Despite flowers, signs, and visitation stones left in front of the court since Ginsburg’s death on Sept. 18, no offerings or tokens will be permitted on the court plaza or steps while the justice lays in repose.

Some of the hundreds of items left over the weekend, including artwork and notes placed at the Supreme Court in honor of Ginsburg, were collected by the court’s curator’s office and others were offered to the family.

On Friday, Ginsburg will lie in state in Statuary Hall in the Capitol. A formal ceremony for invited guests will be held in the morning. The casket will lie atop the Lincoln Catafalque, the same platform built and used during the funeral of Abraham Lincoln after the 16th president was assassinated in 1865, according to a statement from Speaker Nancy Pelosi.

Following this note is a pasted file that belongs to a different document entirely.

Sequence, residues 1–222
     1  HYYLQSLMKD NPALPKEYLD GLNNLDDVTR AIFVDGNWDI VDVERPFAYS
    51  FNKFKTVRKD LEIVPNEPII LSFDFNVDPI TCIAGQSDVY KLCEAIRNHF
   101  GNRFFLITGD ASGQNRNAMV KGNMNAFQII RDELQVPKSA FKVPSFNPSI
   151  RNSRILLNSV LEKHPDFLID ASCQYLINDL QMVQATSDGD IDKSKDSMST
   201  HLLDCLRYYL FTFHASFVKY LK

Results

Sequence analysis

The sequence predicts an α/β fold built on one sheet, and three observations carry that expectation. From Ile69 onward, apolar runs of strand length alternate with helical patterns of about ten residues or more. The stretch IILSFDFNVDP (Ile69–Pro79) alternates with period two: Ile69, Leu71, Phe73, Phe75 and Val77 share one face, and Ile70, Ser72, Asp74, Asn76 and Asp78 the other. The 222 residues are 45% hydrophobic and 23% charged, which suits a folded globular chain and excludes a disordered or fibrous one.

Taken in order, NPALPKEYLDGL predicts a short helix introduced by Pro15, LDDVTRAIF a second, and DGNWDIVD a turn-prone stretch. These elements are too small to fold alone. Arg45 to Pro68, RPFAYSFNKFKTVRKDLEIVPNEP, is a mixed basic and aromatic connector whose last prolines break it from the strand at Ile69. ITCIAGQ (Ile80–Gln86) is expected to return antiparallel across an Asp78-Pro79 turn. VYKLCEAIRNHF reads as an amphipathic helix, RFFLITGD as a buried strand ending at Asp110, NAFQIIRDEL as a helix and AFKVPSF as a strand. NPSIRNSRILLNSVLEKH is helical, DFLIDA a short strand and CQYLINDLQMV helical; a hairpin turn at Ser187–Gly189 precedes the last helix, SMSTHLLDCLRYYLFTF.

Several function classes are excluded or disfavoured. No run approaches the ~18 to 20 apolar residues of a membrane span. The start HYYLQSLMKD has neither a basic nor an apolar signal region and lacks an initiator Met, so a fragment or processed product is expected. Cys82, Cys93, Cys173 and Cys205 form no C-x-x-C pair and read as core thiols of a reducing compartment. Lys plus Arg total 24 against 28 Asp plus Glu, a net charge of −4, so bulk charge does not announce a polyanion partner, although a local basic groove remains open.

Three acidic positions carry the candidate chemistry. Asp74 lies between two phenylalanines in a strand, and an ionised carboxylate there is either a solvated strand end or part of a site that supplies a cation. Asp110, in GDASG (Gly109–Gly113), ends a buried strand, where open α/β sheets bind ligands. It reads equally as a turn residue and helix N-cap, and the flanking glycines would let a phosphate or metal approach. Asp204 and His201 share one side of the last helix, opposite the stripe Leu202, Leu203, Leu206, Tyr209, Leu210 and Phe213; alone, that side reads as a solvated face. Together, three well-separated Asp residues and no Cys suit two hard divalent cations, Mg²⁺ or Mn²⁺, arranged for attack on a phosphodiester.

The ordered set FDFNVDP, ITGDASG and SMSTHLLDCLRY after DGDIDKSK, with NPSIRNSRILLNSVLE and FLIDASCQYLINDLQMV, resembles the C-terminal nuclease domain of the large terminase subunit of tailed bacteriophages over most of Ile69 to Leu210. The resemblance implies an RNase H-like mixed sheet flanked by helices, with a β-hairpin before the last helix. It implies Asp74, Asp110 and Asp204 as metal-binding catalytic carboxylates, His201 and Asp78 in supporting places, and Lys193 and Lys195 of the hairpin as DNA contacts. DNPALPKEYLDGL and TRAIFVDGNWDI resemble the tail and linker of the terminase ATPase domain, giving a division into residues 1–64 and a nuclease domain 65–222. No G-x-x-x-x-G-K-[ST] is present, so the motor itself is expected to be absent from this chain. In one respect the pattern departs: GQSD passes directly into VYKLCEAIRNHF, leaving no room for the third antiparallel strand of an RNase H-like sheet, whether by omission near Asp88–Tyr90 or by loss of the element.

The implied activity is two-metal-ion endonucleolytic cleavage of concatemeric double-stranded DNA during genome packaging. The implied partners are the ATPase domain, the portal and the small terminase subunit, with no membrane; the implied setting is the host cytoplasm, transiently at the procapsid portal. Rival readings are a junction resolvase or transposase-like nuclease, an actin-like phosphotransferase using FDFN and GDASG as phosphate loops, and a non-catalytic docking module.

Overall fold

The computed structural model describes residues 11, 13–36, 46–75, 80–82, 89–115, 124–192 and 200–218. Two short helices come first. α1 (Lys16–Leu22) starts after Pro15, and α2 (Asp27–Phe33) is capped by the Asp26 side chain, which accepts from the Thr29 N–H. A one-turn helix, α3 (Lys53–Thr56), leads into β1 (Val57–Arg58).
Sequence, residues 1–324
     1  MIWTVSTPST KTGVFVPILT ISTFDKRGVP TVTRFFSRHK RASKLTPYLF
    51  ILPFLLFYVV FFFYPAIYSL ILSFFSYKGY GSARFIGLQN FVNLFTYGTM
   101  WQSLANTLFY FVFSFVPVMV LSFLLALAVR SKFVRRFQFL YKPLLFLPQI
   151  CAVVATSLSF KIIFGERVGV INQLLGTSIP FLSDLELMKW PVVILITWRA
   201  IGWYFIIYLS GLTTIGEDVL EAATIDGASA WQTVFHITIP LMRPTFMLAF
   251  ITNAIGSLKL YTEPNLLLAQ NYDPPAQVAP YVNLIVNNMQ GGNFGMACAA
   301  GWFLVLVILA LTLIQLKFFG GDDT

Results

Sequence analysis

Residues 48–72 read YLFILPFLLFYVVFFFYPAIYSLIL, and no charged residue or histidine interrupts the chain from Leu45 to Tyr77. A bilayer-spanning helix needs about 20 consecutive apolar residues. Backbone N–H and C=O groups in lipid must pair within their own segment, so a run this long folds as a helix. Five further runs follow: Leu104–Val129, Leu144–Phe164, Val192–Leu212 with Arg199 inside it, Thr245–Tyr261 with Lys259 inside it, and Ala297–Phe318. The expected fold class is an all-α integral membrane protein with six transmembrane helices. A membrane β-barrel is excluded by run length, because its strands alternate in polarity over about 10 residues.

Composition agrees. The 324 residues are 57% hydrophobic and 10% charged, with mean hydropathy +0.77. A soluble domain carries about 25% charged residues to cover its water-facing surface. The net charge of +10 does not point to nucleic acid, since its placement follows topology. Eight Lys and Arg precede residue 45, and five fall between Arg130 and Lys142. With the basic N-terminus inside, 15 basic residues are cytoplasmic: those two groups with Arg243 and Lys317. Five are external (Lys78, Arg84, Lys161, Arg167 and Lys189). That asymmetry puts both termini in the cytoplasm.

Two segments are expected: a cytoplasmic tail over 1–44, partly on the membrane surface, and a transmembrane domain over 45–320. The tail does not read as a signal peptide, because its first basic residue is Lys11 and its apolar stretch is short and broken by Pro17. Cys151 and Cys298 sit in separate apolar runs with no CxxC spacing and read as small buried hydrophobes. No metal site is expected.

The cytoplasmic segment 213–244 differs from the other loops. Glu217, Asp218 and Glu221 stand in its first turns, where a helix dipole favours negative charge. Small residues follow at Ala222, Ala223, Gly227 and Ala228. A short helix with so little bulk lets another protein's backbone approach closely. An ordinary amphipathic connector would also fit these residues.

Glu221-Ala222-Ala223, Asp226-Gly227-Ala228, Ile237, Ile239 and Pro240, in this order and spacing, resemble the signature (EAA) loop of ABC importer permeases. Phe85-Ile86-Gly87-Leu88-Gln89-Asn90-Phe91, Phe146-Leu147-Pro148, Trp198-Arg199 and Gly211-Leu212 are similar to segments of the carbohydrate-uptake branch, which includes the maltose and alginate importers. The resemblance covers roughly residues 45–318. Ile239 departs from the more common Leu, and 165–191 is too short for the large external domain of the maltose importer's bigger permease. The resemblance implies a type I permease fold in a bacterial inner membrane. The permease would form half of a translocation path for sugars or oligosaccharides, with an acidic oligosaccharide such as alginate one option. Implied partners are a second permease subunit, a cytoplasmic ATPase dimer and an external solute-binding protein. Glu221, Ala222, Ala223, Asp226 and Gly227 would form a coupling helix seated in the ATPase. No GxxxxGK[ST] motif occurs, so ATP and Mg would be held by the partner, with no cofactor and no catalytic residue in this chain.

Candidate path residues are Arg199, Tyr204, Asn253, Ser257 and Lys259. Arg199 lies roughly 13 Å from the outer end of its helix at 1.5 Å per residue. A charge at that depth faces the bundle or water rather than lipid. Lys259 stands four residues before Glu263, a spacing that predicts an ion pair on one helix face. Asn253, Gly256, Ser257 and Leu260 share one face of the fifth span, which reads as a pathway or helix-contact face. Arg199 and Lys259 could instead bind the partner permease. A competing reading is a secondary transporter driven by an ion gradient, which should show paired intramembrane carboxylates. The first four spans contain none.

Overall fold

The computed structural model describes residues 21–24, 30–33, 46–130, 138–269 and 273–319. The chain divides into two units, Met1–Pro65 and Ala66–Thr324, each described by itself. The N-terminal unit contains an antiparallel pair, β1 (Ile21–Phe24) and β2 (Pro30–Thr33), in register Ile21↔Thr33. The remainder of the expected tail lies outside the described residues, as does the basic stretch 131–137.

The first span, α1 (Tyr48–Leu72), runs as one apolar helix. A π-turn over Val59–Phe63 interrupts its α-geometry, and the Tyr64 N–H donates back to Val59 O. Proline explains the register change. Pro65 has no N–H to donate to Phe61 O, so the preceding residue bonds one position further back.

Additional details on what is planned for Friday at the Capitol have not been released.

Ginsburg, 87, died Friday after a long illness with pancreatic cancer. She will be buried Tuesday, Sept. 29, after Yom Kippur, the most solemn day in the Jewish calendar. She will be laid to rest at Arlington National Cemetery alongside her husband of 56 years, Marty Ginsburg, who died in 2010. Members of the court, family and close friends will attend.